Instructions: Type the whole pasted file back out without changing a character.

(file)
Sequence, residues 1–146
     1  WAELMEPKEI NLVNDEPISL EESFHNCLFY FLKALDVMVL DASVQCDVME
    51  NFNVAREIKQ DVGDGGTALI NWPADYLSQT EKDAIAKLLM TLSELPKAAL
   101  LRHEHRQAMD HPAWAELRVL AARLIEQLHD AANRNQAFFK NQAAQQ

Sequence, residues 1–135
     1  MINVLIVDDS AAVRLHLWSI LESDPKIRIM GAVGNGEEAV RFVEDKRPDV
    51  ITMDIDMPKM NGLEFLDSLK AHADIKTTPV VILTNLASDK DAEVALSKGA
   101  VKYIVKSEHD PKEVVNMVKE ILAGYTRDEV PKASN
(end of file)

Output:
Sequence, residues 1–146
     1  WAELMEPKEI NLVNDEPISL EESFHNCLFY FLKALDVMVL DASVQCDVME
    51  NFNVAREIKQ DVGDGGTALI NWPADYLSQT EKDAIAKLLM TLSELPKAAL
   101  LRHEHRQAMD HPAWAELRVL AARLIEQLHD AANRNQAFFK NQAAQQ

Sequence, residues 1–135
     1  MINVLIVDDS AAVRLHLWSI LESDPKIRIM GAVGNGEEAV RFVEDKRPDV
    51  ITMDIDMPKM NGLEFLDSLK AHADIKTTPV VILTNLASDK DAEVALSKGA
   101  VKYIVKSEHD PKEVVNMVKE ILAGYTRDEV PKASN